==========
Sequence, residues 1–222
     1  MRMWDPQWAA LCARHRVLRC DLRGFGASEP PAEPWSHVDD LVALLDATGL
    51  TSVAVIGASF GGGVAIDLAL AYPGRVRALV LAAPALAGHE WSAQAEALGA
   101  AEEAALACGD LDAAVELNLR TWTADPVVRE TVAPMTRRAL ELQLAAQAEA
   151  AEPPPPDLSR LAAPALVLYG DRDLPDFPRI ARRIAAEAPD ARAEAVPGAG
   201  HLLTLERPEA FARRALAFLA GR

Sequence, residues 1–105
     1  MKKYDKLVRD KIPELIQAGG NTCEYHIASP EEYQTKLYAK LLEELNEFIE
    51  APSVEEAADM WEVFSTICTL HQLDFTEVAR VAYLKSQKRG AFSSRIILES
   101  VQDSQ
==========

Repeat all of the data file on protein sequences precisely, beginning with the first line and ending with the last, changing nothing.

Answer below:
Sequence, residues 1–222
     1  MRMWDPQWAA LCARHRVLRC DLRGFGASEP PAEPWSHVDD LVALLDATGL
    51  TSVAVIGASF GGGVAIDLAL AYPGRVRALV LAAPALAGHE WSAQAEALGA
   101  AEEAALACGD LDAAVELNLR TWTADPVVRE TVAPMTRRAL ELQLAAQAEA
   151  AEPPPPDLSR LAAPALVLYG DRDLPDFPRI ARRIAAEAPD ARAEAVPGAG
   201  HLLTLERPEA FARRALAFLA GR

Sequence, residues 1–105
     1  MKKYDKLVRD KIPELIQAGG NTCEYHIASP EEYQTKLYAK LLEELNEFIE
    51  APSVEEAADM WEVFSTICTL HQLDFTEVAR VAYLKSQKRG AFSSRIILES
   101  VQDSQ